• Working Paper

Progressive Rate Structures and Property Tax Compliance: Evidence from Kananga, DRC


Across the world property taxes are the backbone of local government finances, and are often regarded as among the most progressive sources of revenue for local governments who otherwise rely heavily on frequently regressive fees and levies. However, while property taxes are comparatively progressive relative to flat fees and levies, in practice they are often levied at flat rates on property value with the result that the rich pay more than the less well-off, but potentially pay last as a share of their overall income or wealth. In an effort to make property tax systems more progressive there has been growing discussion around the world of the possibility of introducing progressive rate structures, where higher value properties would be subjective to a higher rate of taxation. A key question for those debates is how such progressive rate structures may affect both levels of compliance and the broader political popularity of property taxes. It is possible to imagine progressive rates helping to mobilize popular political support owing to a stronger sense of fairness. However, it is also possible that progressive rate structures could be viewed as unfair to the better off, given that service quality is relatively evenly distributed, or prompt backlash from those wealthy taxpayers that undermines revenue or political support. Through this RCT we seek to generate new evidence on these questions.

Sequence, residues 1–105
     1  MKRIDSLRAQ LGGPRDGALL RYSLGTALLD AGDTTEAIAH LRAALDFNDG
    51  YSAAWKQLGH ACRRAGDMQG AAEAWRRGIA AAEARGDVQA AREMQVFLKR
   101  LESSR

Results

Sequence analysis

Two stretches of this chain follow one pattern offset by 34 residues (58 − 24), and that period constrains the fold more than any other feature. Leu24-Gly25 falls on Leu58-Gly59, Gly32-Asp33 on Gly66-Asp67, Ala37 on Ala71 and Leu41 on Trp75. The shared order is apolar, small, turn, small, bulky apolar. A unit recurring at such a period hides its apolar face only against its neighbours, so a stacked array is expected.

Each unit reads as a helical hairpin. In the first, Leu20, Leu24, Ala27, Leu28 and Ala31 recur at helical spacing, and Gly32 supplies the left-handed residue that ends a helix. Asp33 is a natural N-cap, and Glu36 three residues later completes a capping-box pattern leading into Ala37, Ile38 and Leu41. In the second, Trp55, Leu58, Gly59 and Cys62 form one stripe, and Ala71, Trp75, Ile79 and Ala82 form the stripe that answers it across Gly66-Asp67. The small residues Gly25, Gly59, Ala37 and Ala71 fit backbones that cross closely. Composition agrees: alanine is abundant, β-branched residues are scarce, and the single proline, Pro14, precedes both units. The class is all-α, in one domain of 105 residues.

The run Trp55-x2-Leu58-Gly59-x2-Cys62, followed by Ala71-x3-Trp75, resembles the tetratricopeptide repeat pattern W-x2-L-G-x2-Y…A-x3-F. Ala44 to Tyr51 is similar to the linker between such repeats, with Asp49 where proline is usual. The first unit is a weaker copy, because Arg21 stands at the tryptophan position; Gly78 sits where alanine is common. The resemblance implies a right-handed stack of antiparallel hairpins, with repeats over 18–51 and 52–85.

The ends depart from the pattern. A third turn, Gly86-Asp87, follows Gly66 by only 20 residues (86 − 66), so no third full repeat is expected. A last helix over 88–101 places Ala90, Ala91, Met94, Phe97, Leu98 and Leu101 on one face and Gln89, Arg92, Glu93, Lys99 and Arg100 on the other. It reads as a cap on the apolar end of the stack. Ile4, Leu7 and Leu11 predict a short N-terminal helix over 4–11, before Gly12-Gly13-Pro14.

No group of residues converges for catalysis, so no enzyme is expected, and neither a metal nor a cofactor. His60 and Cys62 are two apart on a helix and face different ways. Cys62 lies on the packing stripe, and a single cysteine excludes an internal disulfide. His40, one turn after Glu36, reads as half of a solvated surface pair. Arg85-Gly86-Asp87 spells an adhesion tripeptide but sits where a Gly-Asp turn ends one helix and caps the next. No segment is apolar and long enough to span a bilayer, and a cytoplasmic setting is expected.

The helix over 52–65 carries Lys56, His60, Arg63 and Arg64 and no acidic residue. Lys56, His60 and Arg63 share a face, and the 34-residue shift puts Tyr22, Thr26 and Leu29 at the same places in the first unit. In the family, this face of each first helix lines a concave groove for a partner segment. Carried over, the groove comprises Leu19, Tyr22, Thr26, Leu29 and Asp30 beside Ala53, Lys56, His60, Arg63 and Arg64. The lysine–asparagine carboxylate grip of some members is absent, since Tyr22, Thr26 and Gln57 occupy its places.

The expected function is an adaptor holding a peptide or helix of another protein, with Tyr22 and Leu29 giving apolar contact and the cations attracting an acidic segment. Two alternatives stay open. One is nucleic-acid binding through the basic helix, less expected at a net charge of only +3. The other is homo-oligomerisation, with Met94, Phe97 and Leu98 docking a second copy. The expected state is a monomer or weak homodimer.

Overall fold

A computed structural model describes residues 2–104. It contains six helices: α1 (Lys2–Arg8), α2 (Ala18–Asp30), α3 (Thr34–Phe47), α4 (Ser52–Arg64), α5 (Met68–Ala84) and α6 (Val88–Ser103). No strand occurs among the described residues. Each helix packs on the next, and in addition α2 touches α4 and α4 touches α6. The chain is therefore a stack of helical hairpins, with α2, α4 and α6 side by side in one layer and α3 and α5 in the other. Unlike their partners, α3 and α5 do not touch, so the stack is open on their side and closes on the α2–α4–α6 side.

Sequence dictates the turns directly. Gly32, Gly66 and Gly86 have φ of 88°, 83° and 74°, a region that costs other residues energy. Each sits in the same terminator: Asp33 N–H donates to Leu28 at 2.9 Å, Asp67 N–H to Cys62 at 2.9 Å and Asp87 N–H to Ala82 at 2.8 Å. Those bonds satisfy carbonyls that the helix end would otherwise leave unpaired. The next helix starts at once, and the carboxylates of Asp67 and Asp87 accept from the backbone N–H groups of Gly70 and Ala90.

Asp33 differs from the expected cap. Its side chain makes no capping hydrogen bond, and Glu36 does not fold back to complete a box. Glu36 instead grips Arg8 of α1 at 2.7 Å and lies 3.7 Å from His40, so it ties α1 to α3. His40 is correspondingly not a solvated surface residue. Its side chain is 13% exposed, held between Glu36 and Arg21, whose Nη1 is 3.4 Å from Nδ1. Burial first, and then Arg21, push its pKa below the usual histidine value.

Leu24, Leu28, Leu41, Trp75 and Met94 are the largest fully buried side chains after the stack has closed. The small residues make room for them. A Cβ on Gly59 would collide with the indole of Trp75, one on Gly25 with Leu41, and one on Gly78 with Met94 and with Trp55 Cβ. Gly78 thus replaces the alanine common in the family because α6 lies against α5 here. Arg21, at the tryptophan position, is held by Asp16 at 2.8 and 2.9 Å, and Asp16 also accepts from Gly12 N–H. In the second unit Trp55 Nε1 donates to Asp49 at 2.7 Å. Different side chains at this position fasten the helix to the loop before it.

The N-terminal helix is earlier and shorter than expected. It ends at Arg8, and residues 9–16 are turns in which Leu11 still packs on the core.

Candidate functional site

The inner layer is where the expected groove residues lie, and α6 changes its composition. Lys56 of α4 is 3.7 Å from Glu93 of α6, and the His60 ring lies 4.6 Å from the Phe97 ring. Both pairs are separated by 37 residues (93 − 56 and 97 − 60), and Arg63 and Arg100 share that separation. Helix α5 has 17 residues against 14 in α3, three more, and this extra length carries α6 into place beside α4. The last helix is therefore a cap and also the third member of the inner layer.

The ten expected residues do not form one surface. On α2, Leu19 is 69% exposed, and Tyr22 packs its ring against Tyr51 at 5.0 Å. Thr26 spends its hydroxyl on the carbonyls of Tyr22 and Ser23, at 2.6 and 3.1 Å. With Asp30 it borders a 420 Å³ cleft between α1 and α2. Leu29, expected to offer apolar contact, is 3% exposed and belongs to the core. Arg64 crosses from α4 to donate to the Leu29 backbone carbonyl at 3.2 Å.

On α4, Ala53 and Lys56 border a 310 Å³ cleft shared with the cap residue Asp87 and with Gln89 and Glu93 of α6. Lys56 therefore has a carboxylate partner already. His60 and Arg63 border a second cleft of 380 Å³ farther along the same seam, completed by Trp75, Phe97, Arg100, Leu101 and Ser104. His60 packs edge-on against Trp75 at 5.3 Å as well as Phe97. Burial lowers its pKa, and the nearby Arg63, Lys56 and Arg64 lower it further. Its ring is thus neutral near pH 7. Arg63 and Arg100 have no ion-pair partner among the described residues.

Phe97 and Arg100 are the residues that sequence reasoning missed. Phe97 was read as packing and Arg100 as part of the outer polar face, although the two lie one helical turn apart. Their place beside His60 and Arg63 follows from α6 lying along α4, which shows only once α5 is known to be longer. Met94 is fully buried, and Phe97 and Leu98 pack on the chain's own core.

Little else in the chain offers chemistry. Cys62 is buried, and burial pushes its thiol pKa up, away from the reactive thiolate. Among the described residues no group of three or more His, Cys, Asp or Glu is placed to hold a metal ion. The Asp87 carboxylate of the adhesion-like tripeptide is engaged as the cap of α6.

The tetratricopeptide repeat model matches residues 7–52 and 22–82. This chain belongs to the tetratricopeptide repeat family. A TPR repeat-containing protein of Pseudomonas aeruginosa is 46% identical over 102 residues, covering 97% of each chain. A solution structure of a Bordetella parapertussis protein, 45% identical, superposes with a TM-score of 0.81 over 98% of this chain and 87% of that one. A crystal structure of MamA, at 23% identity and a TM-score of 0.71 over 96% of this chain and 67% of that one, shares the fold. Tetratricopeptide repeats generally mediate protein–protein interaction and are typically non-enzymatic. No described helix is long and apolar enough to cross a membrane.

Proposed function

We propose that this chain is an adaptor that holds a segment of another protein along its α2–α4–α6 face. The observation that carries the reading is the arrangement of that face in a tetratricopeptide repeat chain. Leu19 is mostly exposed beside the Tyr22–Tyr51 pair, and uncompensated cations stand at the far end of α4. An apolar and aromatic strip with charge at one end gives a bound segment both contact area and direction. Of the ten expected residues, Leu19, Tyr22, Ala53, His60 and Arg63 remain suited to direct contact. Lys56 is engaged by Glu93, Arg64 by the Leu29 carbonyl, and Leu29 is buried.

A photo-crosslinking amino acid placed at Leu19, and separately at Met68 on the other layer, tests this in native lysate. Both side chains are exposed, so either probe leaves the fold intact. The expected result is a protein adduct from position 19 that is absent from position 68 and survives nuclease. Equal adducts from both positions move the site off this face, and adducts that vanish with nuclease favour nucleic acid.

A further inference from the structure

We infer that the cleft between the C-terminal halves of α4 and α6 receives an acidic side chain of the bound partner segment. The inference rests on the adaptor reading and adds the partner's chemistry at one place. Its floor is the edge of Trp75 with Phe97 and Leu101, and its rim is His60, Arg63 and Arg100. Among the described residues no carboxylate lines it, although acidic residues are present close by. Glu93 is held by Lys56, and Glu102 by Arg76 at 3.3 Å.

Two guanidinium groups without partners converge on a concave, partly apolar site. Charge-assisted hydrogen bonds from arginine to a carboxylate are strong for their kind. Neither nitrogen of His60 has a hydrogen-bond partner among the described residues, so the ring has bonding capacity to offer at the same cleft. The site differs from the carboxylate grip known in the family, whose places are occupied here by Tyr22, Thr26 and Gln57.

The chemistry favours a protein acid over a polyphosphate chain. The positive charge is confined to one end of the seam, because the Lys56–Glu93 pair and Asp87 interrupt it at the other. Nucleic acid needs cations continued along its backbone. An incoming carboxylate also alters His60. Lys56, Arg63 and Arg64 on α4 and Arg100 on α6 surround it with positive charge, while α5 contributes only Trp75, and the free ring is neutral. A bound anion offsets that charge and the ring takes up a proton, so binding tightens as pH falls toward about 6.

Augustin Bergeron

Jonathan L. Weigel

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